During most of the work, the sounds emerging from the synthesizer are very rich in overtones, gently but with penetration adding to the soaring character of the singing. There are no percussion instruments used in LICHTER-WASSER; however, at some points later in the work the synthesizer plays tones that are reminiscent of the attack on certain high-pitched metallic percussion, but then with a considerably more present "decay" phase.
The spatial composition, an essential aspect of the work, can only be experienced live. The instruments are distributed in approximately equal distances from each other throughout the concert hall. The composer:
"The individual notes of both formulas move from instrument to instrument in two spatial layers [...] The musicians play standing facing the conductor, who stands with his back to one of the walls."
In each wave, the spatial movements of the notes are different, resulting in different rotations of the formulas. Sketches for examples of this are provided in the extensive and informative CD booklet (which also features fascinating excerpts from the score). The texts can be obtained from the Suzanne Stephens 2000 report at http://www.stockhausen.org/suzee_8_12_00.html (at about 2/5 into the document). The composer:
"The rotations of the notes in space are related to the rotations of the 9 planets and 61 moons of our solar system, whose names, astronomical characteristics and significances are sung."
I really would want to experience this spatial composition live. But even without this, there is so much to listen to. The complex melodic polyphony, created in interplay between the vocal lines and the expression of the formulas in the instruments, makes this very dense music. It is quite a task for the listener to follow everything. But it may be found to be immediately rewarding, since the music is capable of drawing in the listener so powerfully.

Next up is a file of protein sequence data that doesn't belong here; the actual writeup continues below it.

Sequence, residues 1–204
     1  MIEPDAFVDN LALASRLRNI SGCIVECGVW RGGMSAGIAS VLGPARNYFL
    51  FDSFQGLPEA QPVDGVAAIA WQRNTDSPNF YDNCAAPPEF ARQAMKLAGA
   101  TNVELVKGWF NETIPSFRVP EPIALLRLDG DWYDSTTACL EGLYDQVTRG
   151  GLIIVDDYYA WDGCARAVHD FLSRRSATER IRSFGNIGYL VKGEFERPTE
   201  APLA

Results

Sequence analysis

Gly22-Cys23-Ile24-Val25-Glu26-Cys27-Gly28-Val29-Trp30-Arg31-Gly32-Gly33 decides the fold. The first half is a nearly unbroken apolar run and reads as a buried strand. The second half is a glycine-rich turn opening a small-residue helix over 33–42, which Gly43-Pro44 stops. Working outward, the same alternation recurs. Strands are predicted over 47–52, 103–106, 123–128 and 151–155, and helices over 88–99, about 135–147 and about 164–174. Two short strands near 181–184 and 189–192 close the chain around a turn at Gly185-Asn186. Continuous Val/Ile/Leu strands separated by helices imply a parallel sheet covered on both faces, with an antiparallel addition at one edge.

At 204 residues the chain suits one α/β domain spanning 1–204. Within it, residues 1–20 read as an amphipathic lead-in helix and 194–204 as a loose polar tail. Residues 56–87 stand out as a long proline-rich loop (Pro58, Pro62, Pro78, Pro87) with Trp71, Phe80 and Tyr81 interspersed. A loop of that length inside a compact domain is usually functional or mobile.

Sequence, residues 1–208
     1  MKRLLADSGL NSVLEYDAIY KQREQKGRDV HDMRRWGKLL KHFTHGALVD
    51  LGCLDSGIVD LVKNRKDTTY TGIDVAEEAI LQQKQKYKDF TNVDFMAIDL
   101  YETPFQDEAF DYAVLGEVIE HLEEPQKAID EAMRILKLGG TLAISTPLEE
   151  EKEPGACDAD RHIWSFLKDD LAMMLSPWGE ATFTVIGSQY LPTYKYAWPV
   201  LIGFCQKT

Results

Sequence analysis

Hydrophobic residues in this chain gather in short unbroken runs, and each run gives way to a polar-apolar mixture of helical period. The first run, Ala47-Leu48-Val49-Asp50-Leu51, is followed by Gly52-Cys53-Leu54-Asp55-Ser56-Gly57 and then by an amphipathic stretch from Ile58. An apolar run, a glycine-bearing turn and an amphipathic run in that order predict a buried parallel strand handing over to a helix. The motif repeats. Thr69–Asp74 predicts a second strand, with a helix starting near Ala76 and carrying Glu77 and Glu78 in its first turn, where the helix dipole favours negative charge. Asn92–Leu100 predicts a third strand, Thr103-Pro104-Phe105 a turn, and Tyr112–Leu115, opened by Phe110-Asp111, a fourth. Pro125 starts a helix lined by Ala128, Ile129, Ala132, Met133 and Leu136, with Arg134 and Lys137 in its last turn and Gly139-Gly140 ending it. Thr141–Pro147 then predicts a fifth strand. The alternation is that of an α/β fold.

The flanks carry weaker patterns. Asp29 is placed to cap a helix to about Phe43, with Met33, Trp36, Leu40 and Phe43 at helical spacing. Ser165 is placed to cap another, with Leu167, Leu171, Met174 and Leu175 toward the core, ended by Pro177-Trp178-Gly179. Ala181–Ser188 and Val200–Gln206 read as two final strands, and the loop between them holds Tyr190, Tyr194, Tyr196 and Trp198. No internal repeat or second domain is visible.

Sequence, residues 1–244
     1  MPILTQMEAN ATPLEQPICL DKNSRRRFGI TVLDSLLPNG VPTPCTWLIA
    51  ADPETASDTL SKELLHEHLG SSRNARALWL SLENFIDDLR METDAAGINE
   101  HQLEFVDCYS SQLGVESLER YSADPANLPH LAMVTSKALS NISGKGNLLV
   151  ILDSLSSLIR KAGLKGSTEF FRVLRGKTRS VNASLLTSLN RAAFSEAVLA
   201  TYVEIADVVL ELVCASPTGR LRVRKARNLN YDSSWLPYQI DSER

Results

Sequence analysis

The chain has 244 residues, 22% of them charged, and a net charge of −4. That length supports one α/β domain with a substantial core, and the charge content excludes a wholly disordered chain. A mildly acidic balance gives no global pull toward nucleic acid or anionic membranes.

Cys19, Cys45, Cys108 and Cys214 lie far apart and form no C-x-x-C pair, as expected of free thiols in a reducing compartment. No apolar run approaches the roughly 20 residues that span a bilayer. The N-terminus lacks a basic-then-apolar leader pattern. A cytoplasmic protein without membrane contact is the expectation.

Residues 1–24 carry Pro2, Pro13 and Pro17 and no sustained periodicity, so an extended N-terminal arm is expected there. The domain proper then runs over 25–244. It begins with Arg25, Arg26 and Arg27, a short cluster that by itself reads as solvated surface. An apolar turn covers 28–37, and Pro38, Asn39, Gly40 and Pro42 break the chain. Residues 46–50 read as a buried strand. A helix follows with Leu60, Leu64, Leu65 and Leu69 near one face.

LICHTER-WASSER is available at http://www.stockhausen.org/cd_catalog.html (CD 58). The recording quality is exemplary. Since for the recording the orchestral instruments were spread in space, just like in live performance, the 29 instruments had to be recorded on 29 tracks and mixed down. That this was done with the right balance and with great clarity of sound and instrumental timbre, while retaining believable acoustic information about the recorded space, may be a masterpiece of engineering. The soprano and tenor voices are recorded with convincing timbral purity.
Many thanks to the great efforts of the SWF orchestra who volunteered to work overtime just to enable this recording to be made (see the 2000 report of Suzanne Stephens). The playing of the orchestra is of high quality, with beautiful phrasing that allows for a superbly natural breath of the music, alongside the effective synthesizer playing and the great singing of the soloists.
© Albrecht Moritz 2001, text edited 2005